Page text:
Nene, Washington Wizards finally connect with Leandro Barbosa

October 11, 2013
Nene and the Wizards had to go to Brazil to finally hook up with Leandro Barbosa. (Michael Lee)
Nene and the Wizards had to go to Brazil to finally hook up with Leandro Barbosa. (Michael Lee/The Washington Post)

RIO DE JANEIRO — Two hundred thirty-one days after he was acquired in a trade-deadline deal with the Boston Celtics, Leandro Barbosa finally joined up with the Washington Wizards on Wednesday at HSBC Arena.

Forced to take whatever they could get in an effort to get rid of Jordan Crawford, the Wizards took on Barbosa  — and his most importantly, his expiring $1.2 salary – with the knowledge that he would never suit up for the team last season because of a torn anterior cruciate ligament suffered on Feb. 11. But the real downside for both Barbosa and Wizards big man Nene, his longtime close friend and fellow Brazilian, was that they were denied the chance to be teammates in the NBA.

“I was happy to be in Boston with [Kevin] Garnett, [Rajo] Rondo, [Paul] Pierce, all those guys, they are legend for me and I learn a lot of things from them. But to me, it was always a dream to play with a Brazilian player, especially Nene. Nene is the most popular player in Brazil. He’s the one who opened up the door for Brazilians who came up to be NBA players,” said Barbosa, who started his NBA career in 2003, a year after Nene was drafted. “For me, it would’ve been a great opportunity, a dream come true to play with him, especially with Washington. It don’t matter. I was happy and it was sad that I couldn’t be on the court with him.”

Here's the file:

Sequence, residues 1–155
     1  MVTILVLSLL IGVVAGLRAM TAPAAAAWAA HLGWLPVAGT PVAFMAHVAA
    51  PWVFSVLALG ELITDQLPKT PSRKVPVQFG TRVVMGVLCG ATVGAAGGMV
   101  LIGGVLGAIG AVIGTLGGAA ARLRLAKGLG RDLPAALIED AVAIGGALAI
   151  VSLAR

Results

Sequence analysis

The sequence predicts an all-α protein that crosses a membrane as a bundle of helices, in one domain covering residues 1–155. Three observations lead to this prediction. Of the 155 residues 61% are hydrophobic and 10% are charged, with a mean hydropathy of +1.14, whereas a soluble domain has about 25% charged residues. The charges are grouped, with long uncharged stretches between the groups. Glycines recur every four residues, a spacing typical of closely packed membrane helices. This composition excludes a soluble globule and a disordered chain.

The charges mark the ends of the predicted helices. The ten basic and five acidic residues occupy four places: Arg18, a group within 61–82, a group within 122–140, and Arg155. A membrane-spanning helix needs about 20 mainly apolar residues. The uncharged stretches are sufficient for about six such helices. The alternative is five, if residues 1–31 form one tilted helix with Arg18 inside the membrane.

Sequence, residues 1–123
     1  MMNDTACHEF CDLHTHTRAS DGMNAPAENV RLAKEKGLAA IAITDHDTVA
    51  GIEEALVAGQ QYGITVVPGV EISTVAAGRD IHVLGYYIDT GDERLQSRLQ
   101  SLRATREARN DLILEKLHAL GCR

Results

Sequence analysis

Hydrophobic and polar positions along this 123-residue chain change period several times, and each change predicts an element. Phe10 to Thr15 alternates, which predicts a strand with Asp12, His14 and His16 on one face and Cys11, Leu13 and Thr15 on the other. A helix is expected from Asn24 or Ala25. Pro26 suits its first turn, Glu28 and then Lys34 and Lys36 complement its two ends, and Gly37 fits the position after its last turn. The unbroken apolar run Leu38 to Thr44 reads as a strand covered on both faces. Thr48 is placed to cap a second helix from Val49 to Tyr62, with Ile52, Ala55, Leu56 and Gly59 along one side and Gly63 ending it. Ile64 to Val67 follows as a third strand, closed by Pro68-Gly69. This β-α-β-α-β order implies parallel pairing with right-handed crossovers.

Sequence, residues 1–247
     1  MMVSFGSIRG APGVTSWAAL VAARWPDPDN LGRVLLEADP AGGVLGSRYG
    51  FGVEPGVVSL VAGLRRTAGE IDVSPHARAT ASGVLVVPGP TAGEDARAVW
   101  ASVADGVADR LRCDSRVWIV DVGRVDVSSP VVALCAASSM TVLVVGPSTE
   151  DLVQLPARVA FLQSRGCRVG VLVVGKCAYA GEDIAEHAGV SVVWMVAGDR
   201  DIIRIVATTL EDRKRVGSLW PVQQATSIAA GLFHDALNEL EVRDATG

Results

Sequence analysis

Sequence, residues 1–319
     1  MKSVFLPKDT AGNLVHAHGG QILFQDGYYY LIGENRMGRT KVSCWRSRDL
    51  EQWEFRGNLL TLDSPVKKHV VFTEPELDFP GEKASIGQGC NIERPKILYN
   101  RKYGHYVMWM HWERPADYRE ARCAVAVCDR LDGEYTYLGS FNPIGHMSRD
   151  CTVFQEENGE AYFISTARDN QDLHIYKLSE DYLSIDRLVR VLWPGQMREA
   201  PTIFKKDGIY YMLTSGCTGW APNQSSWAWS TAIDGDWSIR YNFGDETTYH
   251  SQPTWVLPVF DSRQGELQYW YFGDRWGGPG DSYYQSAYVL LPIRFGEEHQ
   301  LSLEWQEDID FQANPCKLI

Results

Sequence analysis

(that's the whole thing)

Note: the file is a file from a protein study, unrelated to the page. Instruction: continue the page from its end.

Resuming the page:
Nene agreed with Barbosa that it was difficult being on the same NBA roster but not really on the same team. “I told him, it was a little bit,” he said.

The Wizards had to travel almost 4,800 miles to finally have a face-to-face encounter with Barbosa, who was in Boston recovering from his surgery at the time of the trade and returned to Brazil to complete his rehabilitation. Barbosa spent some time speaking with Wizards President Ernie Grunfeld and senior vice president Tommy Sheppard as the team conducted drills on the arena’s main court. But the veteran shooting guard actually came to observe practice, at the request of Nene.

“We always talk and he told me he wanted to see me, ‘I want to see you there.’ So I came,” Barbosa said, wearing a T-shirt with his home town, Sao Paulo, written across the chest. “We started talking and I miss him. My situation now, I have to stay here to recover and he was missing me in America.”

Barbosa and Nene have been friends since they were 15 years old. Barbosa credits Nene with giving him the confidence follow him to the NBA. “He became my mentor, like the guy who was telling me what to do, how was the NBA, you definitely have to be here, you have the talent,” Barbosa said of Nene. “He definitely was my motivation here in Brazil, after that, we became best friends, ever.”